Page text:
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Influenza and Respiratory Syncytial Virus during the COVID-19 pandemic: time for a new paradigm?
  • +10
  • Emma Binns,
  • marianne koenraads,
  • Lidia Hristeva,
  • Alix Flamant,
  • Sebastián Baier Grabner,
  • Mervin Loi,
  • Johanna Lempainen,
  • Elise Osterheld,
  • Bazlin Ramly,
  • jessica chakakala-chaziy,
  • Niveditha Enaganthi,
  • Silvia Simó Nebot,
  • Danilo Buonsenso
Emma Binns
Department of Paediatrics, Christchurch Hospital, Christchurch, New Zealand

Corresponding Author:[email protected]

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marianne koenraads
Paediatric Specialist Trainee, Alder Hey Children’s Hospital, Liverpool, UK
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Lidia Hristeva
General Paediatrics/Neonates, UK
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Alix Flamant
Paediatric Resident, Cliniques Universitaires Saint-Luc, Brussels, Belgium
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Sebastián Baier Grabner
Department of Paediatrics and Adolescent Medicine, Klinik Ottakring, Vienna Healthcare Group, Vienna, Austria
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Mervin Loi
Children’s Intensive Care Unit, KK Women’s and Children’s Hospital, Singapore
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Johanna Lempainen
Department of Paediatrics, Institute of Biomedicine and Clinical Microbiology, University of Turku and Turku University Hospital
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Elise Osterheld
Department of Paediatrics, Centre Hospitalier de Mayotte, Mayotte, France
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Bazlin Ramly
Paediatric Department, Children Health Ireland, Dublin, Ireland
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jessica chakakala-chaziy
Paediatric Department, Muzu Central Hospital, Ministry of Health, Malawi
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Niveditha Enaganthi
Paediatric Department,Sri Ramachandra Medical College & RI ,Chennai,Tamil Nadu,India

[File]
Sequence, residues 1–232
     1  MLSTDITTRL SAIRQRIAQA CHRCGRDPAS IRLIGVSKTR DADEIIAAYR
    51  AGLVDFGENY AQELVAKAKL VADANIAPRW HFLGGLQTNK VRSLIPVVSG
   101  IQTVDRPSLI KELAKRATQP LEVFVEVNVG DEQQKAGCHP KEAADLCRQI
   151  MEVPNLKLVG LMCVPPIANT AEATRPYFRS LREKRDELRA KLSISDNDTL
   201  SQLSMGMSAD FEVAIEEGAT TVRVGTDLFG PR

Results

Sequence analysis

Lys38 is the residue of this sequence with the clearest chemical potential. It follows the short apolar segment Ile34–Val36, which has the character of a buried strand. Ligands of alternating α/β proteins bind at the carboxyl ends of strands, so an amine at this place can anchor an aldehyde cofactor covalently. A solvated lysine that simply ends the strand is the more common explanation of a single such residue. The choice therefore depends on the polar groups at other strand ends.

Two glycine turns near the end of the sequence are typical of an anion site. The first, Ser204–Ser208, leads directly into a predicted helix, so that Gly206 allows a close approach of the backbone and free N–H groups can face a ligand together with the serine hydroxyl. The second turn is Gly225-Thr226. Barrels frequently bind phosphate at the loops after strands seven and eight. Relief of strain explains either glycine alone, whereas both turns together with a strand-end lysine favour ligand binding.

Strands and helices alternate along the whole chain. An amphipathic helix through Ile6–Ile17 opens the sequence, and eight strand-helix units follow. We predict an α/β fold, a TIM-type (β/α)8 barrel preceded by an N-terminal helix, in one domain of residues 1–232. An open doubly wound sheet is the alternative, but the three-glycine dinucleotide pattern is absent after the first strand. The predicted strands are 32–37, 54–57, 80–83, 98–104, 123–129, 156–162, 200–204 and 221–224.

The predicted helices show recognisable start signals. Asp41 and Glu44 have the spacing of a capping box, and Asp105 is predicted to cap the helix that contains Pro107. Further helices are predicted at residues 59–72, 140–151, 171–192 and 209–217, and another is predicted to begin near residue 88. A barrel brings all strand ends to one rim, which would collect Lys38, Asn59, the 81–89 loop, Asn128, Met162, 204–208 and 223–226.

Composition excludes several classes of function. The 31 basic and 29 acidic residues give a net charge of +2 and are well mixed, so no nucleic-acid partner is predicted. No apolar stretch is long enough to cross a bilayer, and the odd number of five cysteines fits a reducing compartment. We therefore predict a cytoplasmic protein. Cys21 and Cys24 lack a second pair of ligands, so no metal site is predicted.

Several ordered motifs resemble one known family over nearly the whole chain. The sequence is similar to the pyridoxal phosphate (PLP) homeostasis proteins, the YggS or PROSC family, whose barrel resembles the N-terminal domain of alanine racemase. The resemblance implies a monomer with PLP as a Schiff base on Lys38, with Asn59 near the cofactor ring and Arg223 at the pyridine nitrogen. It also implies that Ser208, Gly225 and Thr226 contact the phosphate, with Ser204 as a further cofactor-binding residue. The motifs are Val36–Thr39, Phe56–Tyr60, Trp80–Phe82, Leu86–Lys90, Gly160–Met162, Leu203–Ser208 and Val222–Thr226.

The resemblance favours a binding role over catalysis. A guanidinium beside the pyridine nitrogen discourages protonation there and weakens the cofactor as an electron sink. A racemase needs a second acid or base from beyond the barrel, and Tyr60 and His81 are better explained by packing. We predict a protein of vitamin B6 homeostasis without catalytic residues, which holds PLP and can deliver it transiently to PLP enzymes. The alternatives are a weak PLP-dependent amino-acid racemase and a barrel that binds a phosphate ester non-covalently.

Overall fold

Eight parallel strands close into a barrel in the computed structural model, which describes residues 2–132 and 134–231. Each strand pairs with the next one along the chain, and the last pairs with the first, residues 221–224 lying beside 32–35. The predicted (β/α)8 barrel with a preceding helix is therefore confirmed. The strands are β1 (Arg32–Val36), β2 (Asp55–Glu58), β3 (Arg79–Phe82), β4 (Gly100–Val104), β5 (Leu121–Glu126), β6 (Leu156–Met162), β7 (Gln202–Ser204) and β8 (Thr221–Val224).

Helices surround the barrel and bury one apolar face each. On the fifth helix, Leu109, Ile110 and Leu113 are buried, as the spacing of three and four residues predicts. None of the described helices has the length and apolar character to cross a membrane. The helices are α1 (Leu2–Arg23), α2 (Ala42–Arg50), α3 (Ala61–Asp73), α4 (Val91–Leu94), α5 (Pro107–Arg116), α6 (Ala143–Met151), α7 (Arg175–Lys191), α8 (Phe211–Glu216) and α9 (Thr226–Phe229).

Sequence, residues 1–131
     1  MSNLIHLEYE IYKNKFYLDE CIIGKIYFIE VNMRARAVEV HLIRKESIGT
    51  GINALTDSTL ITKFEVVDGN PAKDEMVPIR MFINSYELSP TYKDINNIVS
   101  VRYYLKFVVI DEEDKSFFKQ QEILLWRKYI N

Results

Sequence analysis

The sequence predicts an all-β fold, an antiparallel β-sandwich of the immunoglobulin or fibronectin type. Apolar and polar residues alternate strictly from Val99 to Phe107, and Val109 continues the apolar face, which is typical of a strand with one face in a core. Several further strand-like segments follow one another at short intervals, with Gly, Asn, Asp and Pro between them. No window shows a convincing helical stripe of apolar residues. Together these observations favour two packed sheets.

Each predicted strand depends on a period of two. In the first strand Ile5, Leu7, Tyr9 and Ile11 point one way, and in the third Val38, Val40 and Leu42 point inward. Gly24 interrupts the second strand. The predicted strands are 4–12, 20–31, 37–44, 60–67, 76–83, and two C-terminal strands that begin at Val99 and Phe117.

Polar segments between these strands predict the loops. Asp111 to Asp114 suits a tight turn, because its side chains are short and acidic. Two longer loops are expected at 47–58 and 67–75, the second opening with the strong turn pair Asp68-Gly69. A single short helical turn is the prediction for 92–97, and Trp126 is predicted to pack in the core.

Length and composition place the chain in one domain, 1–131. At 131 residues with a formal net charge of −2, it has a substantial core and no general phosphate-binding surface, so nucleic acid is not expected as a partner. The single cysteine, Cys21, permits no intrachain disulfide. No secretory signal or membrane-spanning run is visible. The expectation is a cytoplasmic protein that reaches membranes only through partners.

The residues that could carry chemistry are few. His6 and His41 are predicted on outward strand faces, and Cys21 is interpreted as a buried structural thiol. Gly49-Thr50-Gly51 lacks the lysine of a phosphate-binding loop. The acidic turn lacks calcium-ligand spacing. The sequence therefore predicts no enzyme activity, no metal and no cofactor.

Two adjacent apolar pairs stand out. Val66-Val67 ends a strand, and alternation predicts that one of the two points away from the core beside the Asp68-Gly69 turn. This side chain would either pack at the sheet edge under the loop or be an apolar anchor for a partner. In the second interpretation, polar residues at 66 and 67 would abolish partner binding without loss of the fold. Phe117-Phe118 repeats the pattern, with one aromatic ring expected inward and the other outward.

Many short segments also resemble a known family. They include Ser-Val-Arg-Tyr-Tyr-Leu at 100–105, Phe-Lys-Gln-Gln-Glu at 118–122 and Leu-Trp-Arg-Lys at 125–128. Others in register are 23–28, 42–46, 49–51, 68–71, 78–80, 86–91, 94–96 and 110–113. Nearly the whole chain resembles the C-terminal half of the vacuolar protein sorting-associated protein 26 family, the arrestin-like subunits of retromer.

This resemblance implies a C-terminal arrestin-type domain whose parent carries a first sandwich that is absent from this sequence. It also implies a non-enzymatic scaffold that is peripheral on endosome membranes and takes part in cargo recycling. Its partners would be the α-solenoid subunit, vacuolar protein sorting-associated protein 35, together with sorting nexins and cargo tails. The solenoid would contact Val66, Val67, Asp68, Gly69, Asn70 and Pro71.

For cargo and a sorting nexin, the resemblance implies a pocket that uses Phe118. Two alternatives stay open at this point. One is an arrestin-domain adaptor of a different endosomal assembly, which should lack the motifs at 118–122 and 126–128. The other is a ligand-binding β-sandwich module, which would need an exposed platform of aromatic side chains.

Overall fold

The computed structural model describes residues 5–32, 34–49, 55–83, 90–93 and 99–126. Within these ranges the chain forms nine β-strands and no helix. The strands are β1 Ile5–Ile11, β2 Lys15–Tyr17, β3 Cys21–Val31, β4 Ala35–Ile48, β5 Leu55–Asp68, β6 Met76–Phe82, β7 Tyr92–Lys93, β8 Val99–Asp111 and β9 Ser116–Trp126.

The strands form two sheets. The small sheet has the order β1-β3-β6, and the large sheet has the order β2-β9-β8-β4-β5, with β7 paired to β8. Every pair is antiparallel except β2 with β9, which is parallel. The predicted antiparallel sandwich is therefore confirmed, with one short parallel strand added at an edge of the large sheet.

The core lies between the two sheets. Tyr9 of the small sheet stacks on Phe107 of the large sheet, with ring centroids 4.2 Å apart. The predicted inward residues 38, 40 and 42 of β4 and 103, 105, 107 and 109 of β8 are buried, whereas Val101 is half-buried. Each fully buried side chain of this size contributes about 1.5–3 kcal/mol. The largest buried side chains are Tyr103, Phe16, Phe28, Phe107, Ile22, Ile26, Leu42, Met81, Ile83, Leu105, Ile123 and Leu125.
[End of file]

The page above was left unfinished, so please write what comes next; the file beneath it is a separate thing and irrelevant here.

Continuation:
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Silvia Simó Nebot
Infectious diseases and systemic inflammatory response in Paediatrics, Infectious Diseases Unit, Sant Joan de Déu Hospital Research Foundation, Barcelona, Spain
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Danilo Buonsenso
Ospedale Pediatrico Bambino Gesu
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Seasonal epidemics of influenza and the respiratory syncytial virus are the cause of substantial morbidity and mortality among children. During the global COVID-19 pandemic, the epidemiology of these viruses seems to have changed dramatically. In Australia and New Zealand, a significant decrease in both influenza and bronchiolities have been noticed during usual peak seasons. Data from early months of winter seasons in Europe are showing similar trends. This current scenario imposes a reconsideration of the paradigm that toddlers and young schoolchildren are the main drivers of seasonal RSV outbreaks and respiratory epidemics in general. In this paper, we summarize current literature, address current knowledge or role of adults in the respiratory syncitial virus epidemiology, describe the lessons learned from pertussis epidemics and call the international community to better understand the community transmission dynamics of respiratory infections in all age-groups. This can allow the establishment of better and more affordable preventive measures in the whole population level, which can ultimately save millions of child lives.
03 Jun 2021Submitted to Pediatric Pulmonology
04 Jun 2021Submission Checks Completed
04 Jun 2021Assigned to Editor
09 Jun 2021Reviewer(s) Assigned
19 Jul 2021Review(s) Completed, Editorial Evaluation Pending
21 Jul 2021Editorial Decision: Revise Major
23 Jul 20211st Revision Received
24 Jul 2021Reviewer(s) Assigned
24 Jul 2021Submission Checks Completed
24 Jul 2021Assigned to Editor
30 Sep 2021Review(s) Completed, Editorial Evaluation Pending
02 Oct 2021Editorial Decision: Accept
Jan 2022Published in Pediatric Pulmonology volume 57 issue 1 on pages 38-42. 10.1002/ppul.25719